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Anna has never kept ducks               Sunday in Nice

         Dance with the sky           Whatever grey is

 

Anna has never kept ducks

 

Anna has never kept ducks, has friends who own

only a king-size bed and a black 'Glide she covets

to ride solo across the Painted Desert.

 

Afraid of heights she's walked Striding Edge

climbed a jack-in-the-beanstalk ladder  

vertical up a face in the Puye Cliffs

 

and relaxing in bergamot fragrant suds

she ponders a home far from the city  

and bookshops, the music, cafes,

friends she meets week-ends in galleries

with glass roofs and staircases

where she rarely thinks of the cave

by the river ghosting her mind

like the eyes of that seal in Wales,

the smells of a bluebell wood in spring.

 

She'll make extensions of wood and glass

and mud to her forever-home

 

will read and paint, write strange, startling phrases.

On drizzly nights she'll gaze at moons and galaxies

through glass, on soft dry evenings stretch beside

the waterfall, whispering with owls and birch trees,

chuckling as otters slide mud-glossy slopes

and foxes leap and yelp, unable to reach  

the tree-house she built for her ducks.

 

Joan Poulson

first published in Univ of Central Lancs

Home anthology, 2007

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Sunday in Nice

 

The sea and promenade plucked

from a Dufy canvas

light and azure as a cherub in flight

but overhead, gulls try to convince us

they're vultures

and at the next table

a dog displays an alarming tic.

 

Joan Poulson

first published in Ambit, 2007

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Dance with the sky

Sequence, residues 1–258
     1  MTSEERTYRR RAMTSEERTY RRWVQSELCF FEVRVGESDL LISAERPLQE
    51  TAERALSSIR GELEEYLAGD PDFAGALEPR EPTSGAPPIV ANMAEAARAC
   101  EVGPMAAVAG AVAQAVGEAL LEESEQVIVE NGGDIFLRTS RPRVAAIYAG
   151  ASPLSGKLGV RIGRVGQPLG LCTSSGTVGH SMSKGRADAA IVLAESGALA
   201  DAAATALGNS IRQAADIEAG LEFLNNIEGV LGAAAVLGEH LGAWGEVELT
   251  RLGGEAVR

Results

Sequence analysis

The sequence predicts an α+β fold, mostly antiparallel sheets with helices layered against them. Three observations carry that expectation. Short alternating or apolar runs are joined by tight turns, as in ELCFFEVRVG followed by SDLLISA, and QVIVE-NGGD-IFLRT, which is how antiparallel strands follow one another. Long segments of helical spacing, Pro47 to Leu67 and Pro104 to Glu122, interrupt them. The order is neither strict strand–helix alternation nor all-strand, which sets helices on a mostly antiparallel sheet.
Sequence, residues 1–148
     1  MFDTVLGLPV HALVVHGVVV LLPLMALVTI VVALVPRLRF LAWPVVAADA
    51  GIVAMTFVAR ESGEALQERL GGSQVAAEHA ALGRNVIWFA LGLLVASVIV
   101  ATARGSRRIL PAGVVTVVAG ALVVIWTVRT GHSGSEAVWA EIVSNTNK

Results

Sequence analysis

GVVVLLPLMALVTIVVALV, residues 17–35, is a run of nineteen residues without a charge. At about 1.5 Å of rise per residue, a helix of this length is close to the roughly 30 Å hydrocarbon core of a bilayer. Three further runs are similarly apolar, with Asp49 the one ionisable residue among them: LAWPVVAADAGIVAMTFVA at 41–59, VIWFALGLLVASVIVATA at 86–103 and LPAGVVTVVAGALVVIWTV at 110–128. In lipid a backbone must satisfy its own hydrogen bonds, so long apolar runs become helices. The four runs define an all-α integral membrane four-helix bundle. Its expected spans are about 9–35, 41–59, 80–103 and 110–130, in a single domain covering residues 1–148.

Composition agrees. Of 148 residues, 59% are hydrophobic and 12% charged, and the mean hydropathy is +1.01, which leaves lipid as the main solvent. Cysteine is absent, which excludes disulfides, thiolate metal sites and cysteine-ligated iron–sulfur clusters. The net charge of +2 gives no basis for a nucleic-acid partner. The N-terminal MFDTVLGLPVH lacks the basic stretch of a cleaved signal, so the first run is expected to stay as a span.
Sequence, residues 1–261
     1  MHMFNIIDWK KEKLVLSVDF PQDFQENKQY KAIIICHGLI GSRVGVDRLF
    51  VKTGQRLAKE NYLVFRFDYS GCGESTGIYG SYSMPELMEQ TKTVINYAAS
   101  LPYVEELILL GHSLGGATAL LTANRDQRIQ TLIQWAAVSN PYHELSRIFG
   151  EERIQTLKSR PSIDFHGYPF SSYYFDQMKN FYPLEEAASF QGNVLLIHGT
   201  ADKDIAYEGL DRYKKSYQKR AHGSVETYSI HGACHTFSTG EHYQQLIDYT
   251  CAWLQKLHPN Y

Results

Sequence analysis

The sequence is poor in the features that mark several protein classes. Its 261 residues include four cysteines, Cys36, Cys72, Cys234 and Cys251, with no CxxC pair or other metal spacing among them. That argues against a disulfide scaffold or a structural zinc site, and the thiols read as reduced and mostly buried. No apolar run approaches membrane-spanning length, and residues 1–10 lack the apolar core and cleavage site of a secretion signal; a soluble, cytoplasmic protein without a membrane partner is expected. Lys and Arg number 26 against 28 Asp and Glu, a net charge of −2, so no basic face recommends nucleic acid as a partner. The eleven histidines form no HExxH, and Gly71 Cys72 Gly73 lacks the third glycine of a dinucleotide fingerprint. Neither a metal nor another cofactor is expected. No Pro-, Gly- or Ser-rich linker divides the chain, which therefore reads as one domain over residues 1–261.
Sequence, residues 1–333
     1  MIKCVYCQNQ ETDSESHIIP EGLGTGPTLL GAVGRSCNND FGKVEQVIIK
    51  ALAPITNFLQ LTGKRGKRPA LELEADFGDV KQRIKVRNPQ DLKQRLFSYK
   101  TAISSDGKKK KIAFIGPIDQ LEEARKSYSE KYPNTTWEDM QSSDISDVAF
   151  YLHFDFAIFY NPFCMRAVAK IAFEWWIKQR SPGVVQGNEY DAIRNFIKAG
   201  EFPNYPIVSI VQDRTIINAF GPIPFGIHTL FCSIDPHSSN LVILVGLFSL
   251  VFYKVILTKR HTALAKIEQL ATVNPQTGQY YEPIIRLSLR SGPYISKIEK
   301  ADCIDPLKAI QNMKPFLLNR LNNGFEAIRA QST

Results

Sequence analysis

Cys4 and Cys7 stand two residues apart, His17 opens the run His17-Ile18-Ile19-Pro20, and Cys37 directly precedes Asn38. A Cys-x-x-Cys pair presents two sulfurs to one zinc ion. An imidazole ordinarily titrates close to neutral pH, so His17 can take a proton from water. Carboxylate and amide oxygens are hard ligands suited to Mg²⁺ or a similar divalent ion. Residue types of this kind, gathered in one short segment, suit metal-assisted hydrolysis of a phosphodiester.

Baker's Lane and Bread Street substantial

enough but we don't expect a greeting

from the man pushing a wheelbarrow

of grain up to the old brewery.

 

You showed me painted angels

with wings like falcons

poised above the cathedral nave.

No surprise to see one here, swinging his legs

from a sturdy oak rafter in the tythe barn.

 

Giant yew teacups hover, skimming

the lawn's surface.

They're evenly spaced and ready for the tea-party.

It will probably be dark by then.

 

There is something to ferret out, an answer

to find but I'm unable to track the clues.

 

A man leans over the half-door

of his maltsters home, fizz of snowy hair

and broad grin hinting at Lewis Carroll.

 

It's almost mid-day but stars: insubstantial

as snail-trails, fiery as dreams, dance with the sky.

They died before the first hut of this village

was made, before the Pobble came.

 

The air is sweet and nutty.

Centuries ago the abbots of Glastonbury

summered here.

 

Old man's beard and blackthorn,

enormous balls of mistletoe rung-up like bells

in all the apple trees, held in balance.

 

I shall sit in the bell tower this evening

as you practise, my feet together and still

as an angel so I'm not snatched up by a sally,

hurled from the open top of the tower.

 

Joan Poulson

first published in OSIRIS,  USA, 2006

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Whatever grey is

                        (for Hedwig Brouckaert)

 

whatever grey is it isn't black

or a white mouse

it isn't a field

or a buzzard

it isn't the mouth of a carp

or catfish

and it isn't an anaconda

 

grey is skyonskyonsky

wrapped in grey I am safe

held

am all that is

 

and the fizz and sparkle of a firework

the flame and the scarlet

and the sequin-light slippers

the mosses in the forest

the snail the lily bud

 

people who trudge and shuffle

who pass me by

unseeing

 

have not recognised

that the skin on my neck is smiling

the muscle of my mind boogies.

 

Joan Poulson

first published in The Long Islander, USA, 2006

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